MO: I love the exchange when Max visits Guggenheim in the hospital after he’s had a stroke. This is the guy who was so patient with Max for so long that you can’t blame him for finally losing it, and when Max visits him out of genuine kindness, I love that he goes from being resting in a hospital to “WHADDYA WANT? IT’S FISCHER!”

LG: That scene almost doesn’t work for me, actually. It’s a good laugh, but it’s much broader than the rest of the film. I’m not complaining too much.

MO: It’s maybe a little broader, but it’s funny, so it works.

LG: The whole exchange at the end in the last scene of the film, where they explain that the Vietnam play was canceled when he tried to perform it at Rushmore. Why? “Too political?” “No, a kid got his finger blown off during rehearsals.” And the weird running gag of everyone pretending they’re getting handjobs.

MO: It’s the immaturity of the characters. It says something that Max can’t think of anything beyond that when it comes to sex. When he tries to kiss Rosemary, and Rosemary confronts him by flat-out asking what he expects with regards to sex, he’s clearly uncomfortable with it. He’s just a kid.

LG: Yeah. That’s a very hard scene to watch. It’s what separates Anderson from other comedies. He’s willing to go to dark and uncomfortable places.

MO: He never forgets that, as messed up as these people are, they’re still people. They’re worthy of dignity. The level of empathy he has for them is essential, because it’s a movie that shows growing up as learning to care about people other than yourself. Max learns to really appreciate Rosemary’s loss. He fakes being hit by a car in his last asshole act, but he realizes the profound hole her husband’s death left in her life, and how profoundly lonely Blume is.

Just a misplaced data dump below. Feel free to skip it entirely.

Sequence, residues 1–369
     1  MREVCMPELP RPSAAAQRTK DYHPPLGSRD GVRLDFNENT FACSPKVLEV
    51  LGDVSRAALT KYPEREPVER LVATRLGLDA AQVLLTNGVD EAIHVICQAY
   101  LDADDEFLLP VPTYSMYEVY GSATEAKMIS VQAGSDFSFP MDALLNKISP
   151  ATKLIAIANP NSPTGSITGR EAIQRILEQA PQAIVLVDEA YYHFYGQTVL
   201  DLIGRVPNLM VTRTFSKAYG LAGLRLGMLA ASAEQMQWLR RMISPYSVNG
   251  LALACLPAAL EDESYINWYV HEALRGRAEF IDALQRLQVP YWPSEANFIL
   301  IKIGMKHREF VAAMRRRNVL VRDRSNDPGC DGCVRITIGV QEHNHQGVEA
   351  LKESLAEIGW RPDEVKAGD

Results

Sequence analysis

LG: That’s an interesting scene, because it starts with him being an asshole. He’s heard that Rosemary dumped Blume, and he’s there in part to get them together again, and in part to charm her. He climbs a ladder onto her roof to get into her room and brings a mix CD with an Yves Montand song to romance her. But he realizes, “Oh, fuck, I’m a dick.”

MO: He also apologizes to Dirk and Margaret by the end, and the play, Heaven and Hell, for all of its clichés, has a remarkable effect on the characters. On one hand, the Rushmore custodian played by Kumar Pallana thinks it’s hilarious (“Best play ever, man”), but Blume who was “in the shit” during the Vietnam War, is moved by it.